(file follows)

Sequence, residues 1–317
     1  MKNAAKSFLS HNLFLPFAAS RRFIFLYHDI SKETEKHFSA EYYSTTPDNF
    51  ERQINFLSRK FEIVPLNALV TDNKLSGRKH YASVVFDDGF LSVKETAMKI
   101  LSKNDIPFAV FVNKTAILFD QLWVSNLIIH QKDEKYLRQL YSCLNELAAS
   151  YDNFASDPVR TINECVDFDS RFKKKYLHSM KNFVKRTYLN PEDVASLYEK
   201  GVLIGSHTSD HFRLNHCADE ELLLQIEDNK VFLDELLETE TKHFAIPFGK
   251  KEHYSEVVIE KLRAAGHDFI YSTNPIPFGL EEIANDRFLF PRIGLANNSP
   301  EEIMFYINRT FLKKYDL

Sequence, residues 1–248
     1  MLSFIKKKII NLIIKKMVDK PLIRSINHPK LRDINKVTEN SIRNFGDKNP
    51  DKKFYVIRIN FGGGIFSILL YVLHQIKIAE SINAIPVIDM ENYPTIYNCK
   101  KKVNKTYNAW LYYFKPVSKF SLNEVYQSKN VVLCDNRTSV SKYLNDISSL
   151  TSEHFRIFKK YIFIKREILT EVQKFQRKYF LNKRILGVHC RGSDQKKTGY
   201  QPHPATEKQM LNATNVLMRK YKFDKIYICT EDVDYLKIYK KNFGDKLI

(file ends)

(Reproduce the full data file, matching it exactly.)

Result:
Sequence, residues 1–317
     1  MKNAAKSFLS HNLFLPFAAS RRFIFLYHDI SKETEKHFSA EYYSTTPDNF
    51  ERQINFLSRK FEIVPLNALV TDNKLSGRKH YASVVFDDGF LSVKETAMKI
   101  LSKNDIPFAV FVNKTAILFD QLWVSNLIIH QKDEKYLRQL YSCLNELAAS
   151  YDNFASDPVR TINECVDFDS RFKKKYLHSM KNFVKRTYLN PEDVASLYEK
   201  GVLIGSHTSD HFRLNHCADE ELLLQIEDNK VFLDELLETE TKHFAIPFGK
   251  KEHYSEVVIE KLRAAGHDFI YSTNPIPFGL EEIANDRFLF PRIGLANNSP
   301  EEIMFYINRT FLKKYDL

Sequence, residues 1–248
     1  MLSFIKKKII NLIIKKMVDK PLIRSINHPK LRDINKVTEN SIRNFGDKNP
    51  DKKFYVIRIN FGGGIFSILL YVLHQIKIAE SINAIPVIDM ENYPTIYNCK
   101  KKVNKTYNAW LYYFKPVSKF SLNEVYQSKN VVLCDNRTSV SKYLNDISSL
   151  TSEHFRIFKK YIFIKREILT EVQKFQRKYF LNKRILGVHC RGSDQKKTGY
   201  QPHPATEKQM LNATNVLMRK YKFDKIYICT EDVDYLKIYK KNFGDKLI